wove beautiful, complex reed baskets, now highly prized, as well as huts large
  enough to shelter an entire extended family. The Arroyo was relatively unused
  by the Spanish ranchers and farmers, and many dispossessed Tongva still
  lived there when California joined the Union in 1850. Pasadena was founded in
  1886, the year after the Santa Fe railroad arrived and just in time for the land
  boom that followed. “The Arroyo was a nationally acclaimed recreation area
  that drew and retained visitors from all over the country,” says Harris. For
  tubercular, asthmatic Easterners, it was a small conceptual leap from “warm,
  dry air is good for the lungs” to “living outdoors is good for you,” and thus was
  born the Arroyo Culture, which would define Pasadena’s, and indeed Los
  Angeles’s, self-image until the 1920s—an idealized vision of the desert
  southwest, both Tongva and Hispanic, adapted for American life.

  The Arroyo Culture applied the notion of “living in nature” to all aspects of
  existence—the California bungalow, with its spacious patios and sleeping
  porches, and the plein air (literally “open air”) style of painting being just two
  of its manifestations. The Arroyo and its banks became populated with
  bohemians and artisans (including Batchelder) of all sorts—the Southern
  California incarnation of the Arts and Crafts movement that had sprouted in
  England. This urban wilderness became the archetype of a new, suburban
  lifestyle, says Deverell; not city, not country, but something in between. (Of
  course, this was a lot easier to achieve at the turn of the century, when the
  county’s population was comfortably under a million.) Even so, not everyone
  could afford to live in a Craftsman house by Greene and Greene (or even a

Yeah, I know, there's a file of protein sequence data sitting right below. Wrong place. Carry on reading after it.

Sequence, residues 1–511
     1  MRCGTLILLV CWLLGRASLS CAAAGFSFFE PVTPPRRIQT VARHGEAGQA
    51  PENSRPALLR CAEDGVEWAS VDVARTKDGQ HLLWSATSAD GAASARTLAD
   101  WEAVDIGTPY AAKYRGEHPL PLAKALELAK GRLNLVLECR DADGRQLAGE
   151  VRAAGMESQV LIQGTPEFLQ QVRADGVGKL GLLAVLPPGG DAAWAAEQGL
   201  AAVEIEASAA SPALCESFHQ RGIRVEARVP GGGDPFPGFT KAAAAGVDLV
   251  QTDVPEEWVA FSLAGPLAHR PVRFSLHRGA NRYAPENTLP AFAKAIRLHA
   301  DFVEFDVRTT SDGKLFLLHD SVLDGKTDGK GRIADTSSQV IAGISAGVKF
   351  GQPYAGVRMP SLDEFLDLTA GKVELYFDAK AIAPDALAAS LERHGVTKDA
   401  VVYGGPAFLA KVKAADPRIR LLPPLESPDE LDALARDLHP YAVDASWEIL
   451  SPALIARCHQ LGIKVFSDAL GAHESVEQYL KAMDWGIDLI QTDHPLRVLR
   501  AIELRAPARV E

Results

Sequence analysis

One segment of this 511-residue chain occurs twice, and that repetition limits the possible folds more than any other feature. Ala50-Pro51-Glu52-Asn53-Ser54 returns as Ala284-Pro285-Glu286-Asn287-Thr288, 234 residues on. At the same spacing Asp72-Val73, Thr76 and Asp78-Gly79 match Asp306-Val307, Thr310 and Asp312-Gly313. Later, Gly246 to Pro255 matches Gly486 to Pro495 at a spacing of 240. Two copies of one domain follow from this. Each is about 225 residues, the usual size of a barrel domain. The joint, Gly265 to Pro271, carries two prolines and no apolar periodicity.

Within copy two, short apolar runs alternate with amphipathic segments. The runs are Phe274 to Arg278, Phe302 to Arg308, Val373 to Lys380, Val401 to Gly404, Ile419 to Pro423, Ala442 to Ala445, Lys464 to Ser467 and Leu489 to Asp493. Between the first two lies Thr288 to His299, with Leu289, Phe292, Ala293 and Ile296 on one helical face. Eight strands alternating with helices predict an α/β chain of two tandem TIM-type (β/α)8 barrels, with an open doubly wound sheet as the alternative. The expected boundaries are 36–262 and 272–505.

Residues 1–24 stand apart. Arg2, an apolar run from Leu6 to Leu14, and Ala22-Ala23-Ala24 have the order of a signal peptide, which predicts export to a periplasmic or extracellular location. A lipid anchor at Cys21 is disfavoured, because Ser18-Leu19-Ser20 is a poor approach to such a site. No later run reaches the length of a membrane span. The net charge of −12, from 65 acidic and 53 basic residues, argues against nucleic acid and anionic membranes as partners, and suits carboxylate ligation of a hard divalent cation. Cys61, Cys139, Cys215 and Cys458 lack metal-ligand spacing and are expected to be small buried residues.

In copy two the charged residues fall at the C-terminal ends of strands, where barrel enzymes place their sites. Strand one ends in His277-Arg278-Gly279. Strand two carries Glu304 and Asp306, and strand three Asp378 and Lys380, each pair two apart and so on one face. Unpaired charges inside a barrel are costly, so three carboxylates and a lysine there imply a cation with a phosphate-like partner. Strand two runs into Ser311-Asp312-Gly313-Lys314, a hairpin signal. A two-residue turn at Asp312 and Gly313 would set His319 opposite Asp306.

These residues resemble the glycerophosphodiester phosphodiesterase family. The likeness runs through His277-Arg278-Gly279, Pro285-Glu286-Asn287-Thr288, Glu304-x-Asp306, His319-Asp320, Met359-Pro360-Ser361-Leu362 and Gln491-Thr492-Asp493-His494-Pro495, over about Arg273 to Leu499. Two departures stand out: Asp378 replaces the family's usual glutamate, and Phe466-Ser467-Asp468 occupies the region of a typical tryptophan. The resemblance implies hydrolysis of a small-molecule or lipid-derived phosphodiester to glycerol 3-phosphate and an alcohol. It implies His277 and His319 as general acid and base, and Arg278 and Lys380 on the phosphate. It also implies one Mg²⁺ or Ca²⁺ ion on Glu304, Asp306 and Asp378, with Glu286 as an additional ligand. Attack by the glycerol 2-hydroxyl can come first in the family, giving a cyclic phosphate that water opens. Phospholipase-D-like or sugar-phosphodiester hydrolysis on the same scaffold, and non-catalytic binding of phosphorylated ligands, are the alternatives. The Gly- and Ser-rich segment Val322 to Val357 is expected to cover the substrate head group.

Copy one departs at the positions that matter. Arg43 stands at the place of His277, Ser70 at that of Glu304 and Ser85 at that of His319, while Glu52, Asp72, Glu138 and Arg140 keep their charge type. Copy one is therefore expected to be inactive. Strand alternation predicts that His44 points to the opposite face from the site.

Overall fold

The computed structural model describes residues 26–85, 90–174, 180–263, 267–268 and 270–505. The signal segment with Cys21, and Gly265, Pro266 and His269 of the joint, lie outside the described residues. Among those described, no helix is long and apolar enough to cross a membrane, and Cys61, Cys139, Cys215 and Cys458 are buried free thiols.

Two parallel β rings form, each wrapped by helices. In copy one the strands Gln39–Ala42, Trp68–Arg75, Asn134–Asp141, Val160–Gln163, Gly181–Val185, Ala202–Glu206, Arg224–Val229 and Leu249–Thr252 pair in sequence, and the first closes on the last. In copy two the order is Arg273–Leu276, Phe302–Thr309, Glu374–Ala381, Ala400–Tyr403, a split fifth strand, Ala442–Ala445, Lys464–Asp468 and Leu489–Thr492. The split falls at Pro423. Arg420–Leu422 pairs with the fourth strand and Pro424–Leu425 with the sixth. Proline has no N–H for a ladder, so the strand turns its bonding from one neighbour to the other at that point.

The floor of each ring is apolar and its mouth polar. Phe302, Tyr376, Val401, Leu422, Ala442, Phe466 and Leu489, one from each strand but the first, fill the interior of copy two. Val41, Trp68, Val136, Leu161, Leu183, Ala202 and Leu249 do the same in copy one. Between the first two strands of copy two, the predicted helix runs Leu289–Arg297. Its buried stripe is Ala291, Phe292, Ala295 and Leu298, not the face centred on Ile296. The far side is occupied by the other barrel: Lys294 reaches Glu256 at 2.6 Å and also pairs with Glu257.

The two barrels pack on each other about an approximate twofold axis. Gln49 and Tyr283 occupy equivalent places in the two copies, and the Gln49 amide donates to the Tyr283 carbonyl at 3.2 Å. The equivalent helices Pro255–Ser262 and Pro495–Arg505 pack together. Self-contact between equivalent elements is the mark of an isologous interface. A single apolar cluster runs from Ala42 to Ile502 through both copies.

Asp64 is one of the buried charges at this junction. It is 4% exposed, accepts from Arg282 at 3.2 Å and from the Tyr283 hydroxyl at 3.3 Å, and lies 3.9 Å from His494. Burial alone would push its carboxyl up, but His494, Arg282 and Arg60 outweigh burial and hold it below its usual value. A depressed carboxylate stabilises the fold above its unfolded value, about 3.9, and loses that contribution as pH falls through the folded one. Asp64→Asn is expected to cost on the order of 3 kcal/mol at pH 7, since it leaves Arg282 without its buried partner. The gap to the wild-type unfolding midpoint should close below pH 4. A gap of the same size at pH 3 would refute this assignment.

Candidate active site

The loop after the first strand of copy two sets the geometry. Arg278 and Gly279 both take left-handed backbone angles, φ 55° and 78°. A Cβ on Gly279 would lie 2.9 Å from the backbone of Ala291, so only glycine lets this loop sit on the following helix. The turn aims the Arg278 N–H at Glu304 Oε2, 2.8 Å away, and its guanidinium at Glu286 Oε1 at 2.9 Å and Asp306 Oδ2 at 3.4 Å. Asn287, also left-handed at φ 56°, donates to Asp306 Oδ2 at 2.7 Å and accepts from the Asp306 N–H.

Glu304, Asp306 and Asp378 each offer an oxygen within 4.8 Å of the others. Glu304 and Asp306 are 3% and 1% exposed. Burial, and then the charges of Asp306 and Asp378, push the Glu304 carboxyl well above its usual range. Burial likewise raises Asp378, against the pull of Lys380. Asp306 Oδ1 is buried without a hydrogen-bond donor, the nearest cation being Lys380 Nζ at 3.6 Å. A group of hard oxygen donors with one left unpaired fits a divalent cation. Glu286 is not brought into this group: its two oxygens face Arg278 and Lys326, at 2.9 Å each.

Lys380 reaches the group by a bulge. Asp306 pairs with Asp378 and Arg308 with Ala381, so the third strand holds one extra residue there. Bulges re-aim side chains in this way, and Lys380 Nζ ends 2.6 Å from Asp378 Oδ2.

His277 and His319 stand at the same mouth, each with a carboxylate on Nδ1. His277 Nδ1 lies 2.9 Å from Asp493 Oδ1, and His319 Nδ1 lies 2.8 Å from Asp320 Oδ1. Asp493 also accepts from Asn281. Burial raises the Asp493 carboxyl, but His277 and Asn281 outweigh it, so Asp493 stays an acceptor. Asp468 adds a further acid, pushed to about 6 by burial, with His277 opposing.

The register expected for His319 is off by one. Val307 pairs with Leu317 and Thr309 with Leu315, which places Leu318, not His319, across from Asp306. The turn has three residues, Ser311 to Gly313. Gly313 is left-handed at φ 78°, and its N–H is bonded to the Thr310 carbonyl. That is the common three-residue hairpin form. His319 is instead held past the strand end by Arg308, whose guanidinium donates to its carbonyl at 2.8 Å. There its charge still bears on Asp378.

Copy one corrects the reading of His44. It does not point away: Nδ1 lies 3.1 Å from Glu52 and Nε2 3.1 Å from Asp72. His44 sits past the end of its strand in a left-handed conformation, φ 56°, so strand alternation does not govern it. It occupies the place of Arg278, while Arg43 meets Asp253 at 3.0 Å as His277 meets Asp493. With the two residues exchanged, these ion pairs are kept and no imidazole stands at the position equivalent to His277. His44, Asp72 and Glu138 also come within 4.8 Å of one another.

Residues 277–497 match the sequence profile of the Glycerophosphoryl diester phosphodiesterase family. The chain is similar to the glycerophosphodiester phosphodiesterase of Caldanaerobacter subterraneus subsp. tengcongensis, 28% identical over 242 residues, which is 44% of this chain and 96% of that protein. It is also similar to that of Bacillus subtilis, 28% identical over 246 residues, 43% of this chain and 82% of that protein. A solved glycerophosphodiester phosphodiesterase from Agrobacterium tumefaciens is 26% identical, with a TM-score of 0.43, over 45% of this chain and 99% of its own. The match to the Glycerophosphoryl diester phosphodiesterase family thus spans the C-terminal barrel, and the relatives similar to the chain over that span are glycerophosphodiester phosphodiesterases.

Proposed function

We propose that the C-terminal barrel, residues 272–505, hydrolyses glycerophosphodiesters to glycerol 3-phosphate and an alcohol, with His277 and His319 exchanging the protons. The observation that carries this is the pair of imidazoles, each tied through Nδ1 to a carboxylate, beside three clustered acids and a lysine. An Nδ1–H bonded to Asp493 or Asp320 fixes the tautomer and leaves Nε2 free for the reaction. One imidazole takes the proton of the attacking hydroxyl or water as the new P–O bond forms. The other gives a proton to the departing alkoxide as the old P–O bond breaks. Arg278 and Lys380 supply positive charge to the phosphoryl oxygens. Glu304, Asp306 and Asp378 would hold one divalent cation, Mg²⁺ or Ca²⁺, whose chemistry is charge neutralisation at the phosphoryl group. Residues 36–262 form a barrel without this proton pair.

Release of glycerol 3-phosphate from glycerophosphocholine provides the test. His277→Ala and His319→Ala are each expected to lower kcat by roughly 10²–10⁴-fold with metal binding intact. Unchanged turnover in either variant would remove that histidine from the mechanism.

modest bungalow), and support grew for officially turning the Arroyo into a

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  park so that the working classes, too, could experience nature.

  In 1928, in a spirit of noblesse oblige, the Los Angeles Chamber of
  Commerce—the men who moved and shook the Southland in the days before
  plate tectonics—commissioned a report called Parks, Playgrounds and Beaches
  for the Los Angeles Region. Two years in the making by the Olmsted brothers
  and Harland Bartholomew, the leading landscape architects and city planners
  of the day, this comprehensive blueprint also included large wilderness
  reservations suitable for camping, hiking, and horseback riding. These were to
  be connected by parkways or “pleasureway parks,” laid out so “that no home
  will be more than a few miles from some part of it; and … so designed that,
  having reached any part of it, one may drive within the system for pleasure,
  and with pleasure, for many miles.… [They] necessarily should be greatly
  elongated real parks.” Landscaped to be screened from their surroundings,
  and “having few cross-traffic intersections,” they would “produce, along with
  the topographic conditions, some sense of spaciousness and seclusion, and a
  variety of scenic effects.” Yes, recreational driving was already an
  acknowledged pastime—by 1930, there were two automobiles for every three
  people in L.A., the highest per-capita ratio in the world, says Eden by Design.

  The proposed Arroyo Seco Parkway ran from downtown Los Angeles to the San
  Gabriel Mountains, feeding into what is now the Angeles Crest Highway. But as
  studies by blue-ribbon commissions are wont to do, this one sank without a
  ripple. In the words of the Techers’ project report, “Shamefully, the reasons
  this plan for a countywide parkway system failed were primarily political ones.
  The proposal would have required a new countywide agency with extensive
  powers to appropriate spending, but the Chamber of Commerce … did not
  want to share their power…. Business leaders were also opposed to the plan
  because they believed that it would take up too much valuable real estate….
  Even during the Depression, hundreds and thousands of people were migrating
  to southern California from other parts of the country, making the real estate
  business extremely lucrative … ‘city beautiful’ ideas were pushed into the

  Although much of the Arroyo’s floor was eventually converted into a chain of